Physics deals with space, time, and all the observables in space and time. It deals with the structures found in space, like curvature and whether space is continuous as it appears to us at the level of human observation, or is it discrete, packages of space and time, not unlike a particle.
Then it deals with objects from sub-atomic particles, which are now legion, to atoms, to molecules, to planets, stars, galaxies, black holes, and the distribution of such throughout spacetime and what these things mean.
So, spirituality has three things in common with external science in terms of observables: space, time, and observables.
Science uses two modes of language to state it case: mathematics and physical intuitive speculations expressed graphically or in ordinary language
Now science deals with external space and external objects that is shared by one and all, while spirituality mostly deals with one’s inner world of emotions, inner energies, internal feelings of our bodies, and our separation from other observers and then the observation of more exotic things, like God, grace, the I-sense, unity consciousness.
External science assumes there is one common external world (this world as opposed to the many alternative realities predicted by string and brane theories), while spirituality generally accepts that each of us is the sole observer of our own autonomous and localized viewpoint delimited by our skin, versus someone else’s experience within their own skin. Our subjective worlds are legion, yet we can look for similarities if not identities in our separate and individual worlds of experience and discourse.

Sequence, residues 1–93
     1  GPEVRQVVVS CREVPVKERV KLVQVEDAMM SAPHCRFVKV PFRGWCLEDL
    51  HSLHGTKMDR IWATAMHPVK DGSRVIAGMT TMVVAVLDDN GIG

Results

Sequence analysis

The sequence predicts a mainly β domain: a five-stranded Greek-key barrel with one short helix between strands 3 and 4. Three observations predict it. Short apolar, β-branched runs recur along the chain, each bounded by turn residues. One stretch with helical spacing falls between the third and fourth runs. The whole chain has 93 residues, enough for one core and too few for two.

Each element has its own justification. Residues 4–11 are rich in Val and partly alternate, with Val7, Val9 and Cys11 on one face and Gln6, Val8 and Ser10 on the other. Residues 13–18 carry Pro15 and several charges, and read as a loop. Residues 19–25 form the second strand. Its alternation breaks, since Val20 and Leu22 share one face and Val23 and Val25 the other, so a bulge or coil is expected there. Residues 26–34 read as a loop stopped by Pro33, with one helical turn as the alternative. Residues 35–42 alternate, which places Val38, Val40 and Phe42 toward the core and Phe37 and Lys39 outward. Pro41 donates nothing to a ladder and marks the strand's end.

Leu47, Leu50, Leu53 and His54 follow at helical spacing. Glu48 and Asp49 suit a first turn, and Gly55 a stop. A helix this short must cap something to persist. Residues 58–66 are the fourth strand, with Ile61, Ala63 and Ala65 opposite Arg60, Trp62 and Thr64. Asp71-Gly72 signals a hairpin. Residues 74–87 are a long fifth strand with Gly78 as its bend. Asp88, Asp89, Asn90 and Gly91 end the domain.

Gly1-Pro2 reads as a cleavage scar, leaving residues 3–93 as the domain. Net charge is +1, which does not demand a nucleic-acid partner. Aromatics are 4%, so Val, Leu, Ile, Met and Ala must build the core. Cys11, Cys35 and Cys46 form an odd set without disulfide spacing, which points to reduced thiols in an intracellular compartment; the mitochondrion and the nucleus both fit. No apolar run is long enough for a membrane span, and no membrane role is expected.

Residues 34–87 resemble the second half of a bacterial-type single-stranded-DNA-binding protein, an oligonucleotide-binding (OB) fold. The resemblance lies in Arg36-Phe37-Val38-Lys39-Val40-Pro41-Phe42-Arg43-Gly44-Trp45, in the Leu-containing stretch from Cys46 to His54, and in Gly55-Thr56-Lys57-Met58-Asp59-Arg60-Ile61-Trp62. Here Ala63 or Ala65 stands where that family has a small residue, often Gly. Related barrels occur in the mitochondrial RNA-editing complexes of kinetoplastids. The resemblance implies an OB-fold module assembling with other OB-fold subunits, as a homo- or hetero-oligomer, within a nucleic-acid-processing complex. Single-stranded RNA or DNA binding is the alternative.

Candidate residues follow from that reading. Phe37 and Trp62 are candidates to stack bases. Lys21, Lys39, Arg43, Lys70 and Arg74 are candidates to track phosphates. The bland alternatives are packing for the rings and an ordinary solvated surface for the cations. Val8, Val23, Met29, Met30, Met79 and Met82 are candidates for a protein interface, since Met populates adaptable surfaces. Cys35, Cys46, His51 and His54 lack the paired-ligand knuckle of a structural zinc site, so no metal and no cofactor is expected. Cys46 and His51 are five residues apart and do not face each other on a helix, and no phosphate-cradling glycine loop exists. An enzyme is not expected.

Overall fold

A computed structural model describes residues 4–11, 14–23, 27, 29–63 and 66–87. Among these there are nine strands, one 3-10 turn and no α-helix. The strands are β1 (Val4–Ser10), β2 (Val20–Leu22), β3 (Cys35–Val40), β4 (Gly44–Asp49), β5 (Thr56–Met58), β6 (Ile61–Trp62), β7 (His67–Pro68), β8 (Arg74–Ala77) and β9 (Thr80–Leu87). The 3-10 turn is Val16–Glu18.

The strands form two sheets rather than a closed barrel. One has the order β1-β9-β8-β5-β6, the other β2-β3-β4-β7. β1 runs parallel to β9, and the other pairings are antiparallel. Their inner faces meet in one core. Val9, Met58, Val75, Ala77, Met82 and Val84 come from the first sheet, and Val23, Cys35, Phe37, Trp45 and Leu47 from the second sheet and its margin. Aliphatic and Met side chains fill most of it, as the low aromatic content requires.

Within this inner and separate universe of each of us, what matters is this: what is the nature and are the structures, if any, within our separte experiences of emptiness and time?
We can also then explore similarities of the observables within the container of inner or “imaginal” space, from emotions and moods, to memories, to visualizations, to thoughts, to energies variously called chi, Kundalini, Shakti, meridian, etc., out of body experiences, the experiences of physical pain in illness and injury, humor, depressive features, grief, joy, bliss, confusion, desires and impulses, and finally meditative states like Sahaj Samadhi, unity experiences, the causal body, Nirvana, and ultimately the Witness supposedly prior to Consciousness..